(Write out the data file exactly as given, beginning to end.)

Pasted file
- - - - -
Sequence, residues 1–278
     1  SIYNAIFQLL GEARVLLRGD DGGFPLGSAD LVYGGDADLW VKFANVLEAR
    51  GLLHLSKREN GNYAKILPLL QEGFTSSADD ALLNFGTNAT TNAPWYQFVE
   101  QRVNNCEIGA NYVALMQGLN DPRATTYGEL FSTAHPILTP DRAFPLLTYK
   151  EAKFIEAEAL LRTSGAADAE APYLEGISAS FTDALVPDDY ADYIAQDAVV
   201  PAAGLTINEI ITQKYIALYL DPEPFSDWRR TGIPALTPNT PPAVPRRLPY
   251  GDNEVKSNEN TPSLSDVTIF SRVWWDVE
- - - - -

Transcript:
Sequence, residues 1–278
     1  SIYNAIFQLL GEARVLLRGD DGGFPLGSAD LVYGGDADLW VKFANVLEAR
    51  GLLHLSKREN GNYAKILPLL QEGFTSSADD ALLNFGTNAT TNAPWYQFVE
   101  QRVNNCEIGA NYVALMQGLN DPRATTYGEL FSTAHPILTP DRAFPLLTYK
   151  EAKFIEAEAL LRTSGAADAE APYLEGISAS FTDALVPDDY ADYIAQDAVV
   201  PAAGLTINEI ITQKYIALYL DPEPFSDWRR TGIPALTPNT PPAVPRRLPY
   251  GDNEVKSNEN TPSLSDVTIF SRVWWDVE